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On Media Credentials, Billionaires Don't Have to be Logically Consistent

Jon Garfunkel: Easy Mark: The Elephant in the Locker Room. (I)t’s still immensely foolish as it is to ban someone from the lockerroom because they call themselves a blogger. If a cutoff is needed, I’d suggest one based on the old standby, circulation.

“Mark” is Mark Cuban, owner of the Dallas Mavericks franchise, and he’s decided bloggers aren’t welcome in the team’s locker room. Given his status as a popular blogger this is modestly hypocritical, but it’s his franchise to muck with as he wishes.

There is, of course, a space problem in any locker room. Only a certain number of people fit, and a team is entirely justified in limiting the number of reporters allowed inside. So how to decide which ones?

Circulation or viewership/listenership is one metric that’s workable — though a blogger in question in this case works for the big daily paper, making Cuban’s decision even more odd. The best metric, of course, is clout: What reach does the journalist have in a more general way? What audience does he or she have? If a blogger’s chief audience includes journalists who cover the team and the team’s most fanatical fans, that would seem to be a good person to have around.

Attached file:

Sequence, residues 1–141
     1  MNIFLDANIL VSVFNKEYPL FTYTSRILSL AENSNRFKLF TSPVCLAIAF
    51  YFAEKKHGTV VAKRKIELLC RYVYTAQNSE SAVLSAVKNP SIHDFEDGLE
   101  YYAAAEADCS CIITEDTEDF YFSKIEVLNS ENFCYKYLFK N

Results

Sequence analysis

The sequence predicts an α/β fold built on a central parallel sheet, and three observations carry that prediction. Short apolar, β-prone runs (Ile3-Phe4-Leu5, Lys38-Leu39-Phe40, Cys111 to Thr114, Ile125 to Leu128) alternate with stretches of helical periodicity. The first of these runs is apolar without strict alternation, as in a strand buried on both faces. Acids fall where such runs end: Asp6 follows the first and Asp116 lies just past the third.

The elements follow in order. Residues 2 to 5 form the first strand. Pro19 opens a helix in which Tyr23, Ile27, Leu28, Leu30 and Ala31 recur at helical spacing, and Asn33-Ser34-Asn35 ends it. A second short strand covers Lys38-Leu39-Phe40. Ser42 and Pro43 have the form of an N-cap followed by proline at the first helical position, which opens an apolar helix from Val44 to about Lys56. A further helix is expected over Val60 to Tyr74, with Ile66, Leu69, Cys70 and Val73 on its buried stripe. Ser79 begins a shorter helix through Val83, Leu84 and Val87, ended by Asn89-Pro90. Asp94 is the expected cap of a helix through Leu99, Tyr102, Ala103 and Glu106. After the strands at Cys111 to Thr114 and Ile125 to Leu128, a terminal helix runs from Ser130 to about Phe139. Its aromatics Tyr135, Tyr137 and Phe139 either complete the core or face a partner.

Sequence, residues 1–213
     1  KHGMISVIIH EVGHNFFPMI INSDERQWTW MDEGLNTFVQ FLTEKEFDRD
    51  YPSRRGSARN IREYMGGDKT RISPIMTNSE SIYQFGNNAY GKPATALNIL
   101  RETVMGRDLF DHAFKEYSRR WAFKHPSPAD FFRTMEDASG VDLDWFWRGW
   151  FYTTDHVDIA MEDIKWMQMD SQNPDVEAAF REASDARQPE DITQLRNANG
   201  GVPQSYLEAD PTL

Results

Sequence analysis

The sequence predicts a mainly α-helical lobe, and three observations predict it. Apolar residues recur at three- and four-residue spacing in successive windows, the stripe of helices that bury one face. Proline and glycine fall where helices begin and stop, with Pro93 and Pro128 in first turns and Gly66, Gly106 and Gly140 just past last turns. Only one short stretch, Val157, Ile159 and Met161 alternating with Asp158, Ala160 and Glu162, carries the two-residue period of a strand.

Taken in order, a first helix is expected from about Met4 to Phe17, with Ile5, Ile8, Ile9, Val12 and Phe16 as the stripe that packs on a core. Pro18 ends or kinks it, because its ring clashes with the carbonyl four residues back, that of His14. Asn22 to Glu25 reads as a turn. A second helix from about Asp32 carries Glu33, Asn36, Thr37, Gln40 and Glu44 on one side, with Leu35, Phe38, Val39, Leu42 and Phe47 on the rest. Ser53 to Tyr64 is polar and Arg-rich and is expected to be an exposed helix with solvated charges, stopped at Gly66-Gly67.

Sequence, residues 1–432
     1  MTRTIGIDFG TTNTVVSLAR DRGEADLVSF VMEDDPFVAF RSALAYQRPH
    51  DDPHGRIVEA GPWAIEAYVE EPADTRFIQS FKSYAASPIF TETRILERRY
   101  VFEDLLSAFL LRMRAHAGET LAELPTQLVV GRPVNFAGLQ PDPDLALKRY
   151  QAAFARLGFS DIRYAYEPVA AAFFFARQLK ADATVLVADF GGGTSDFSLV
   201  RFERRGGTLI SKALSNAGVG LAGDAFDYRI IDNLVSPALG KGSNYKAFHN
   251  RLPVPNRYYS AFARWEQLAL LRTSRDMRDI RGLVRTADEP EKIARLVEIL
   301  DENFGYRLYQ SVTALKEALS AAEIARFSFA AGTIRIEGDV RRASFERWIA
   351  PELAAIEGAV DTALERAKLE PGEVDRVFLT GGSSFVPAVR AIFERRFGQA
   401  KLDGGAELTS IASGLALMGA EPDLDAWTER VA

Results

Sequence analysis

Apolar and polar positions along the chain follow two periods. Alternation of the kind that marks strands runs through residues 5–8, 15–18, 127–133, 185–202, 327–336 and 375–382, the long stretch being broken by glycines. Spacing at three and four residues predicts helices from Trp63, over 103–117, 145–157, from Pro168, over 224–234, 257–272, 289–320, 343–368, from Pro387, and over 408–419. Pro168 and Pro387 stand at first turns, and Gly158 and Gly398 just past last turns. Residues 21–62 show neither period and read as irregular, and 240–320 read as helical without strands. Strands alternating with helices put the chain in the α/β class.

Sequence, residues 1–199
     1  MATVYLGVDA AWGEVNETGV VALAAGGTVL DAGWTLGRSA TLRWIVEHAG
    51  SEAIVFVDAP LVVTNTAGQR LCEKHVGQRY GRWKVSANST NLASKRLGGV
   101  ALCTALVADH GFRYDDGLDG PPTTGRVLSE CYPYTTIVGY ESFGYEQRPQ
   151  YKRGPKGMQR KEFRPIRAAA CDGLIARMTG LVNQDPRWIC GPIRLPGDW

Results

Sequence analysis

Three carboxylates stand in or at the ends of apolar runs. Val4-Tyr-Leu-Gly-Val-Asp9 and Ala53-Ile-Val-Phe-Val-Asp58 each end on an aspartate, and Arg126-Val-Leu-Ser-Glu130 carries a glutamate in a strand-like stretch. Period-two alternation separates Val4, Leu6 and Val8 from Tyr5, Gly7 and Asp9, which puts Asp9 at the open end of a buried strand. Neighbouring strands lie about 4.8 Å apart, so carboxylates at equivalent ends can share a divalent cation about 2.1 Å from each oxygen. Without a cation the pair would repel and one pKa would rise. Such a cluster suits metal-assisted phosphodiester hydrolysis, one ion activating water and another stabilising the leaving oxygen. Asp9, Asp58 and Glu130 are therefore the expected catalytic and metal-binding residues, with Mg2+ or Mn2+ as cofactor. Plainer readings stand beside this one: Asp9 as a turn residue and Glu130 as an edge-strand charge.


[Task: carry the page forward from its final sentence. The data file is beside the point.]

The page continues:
Rank speculation: One possibility here is that many bloggers, such as Cuban, don’t follow other people’s rules of verbal decorum. Sports reporters often become fanboys (or girls) of the teams they cover, to the detriment of the journalism and fans. Maybe Cuban is worried, in part, of more serious journalism about his team and its famous follies.

Great headline, meanwhile, from the Deadspin blog: “Mark Cuban Dislikes Bloggers Who Aren’t Him.”

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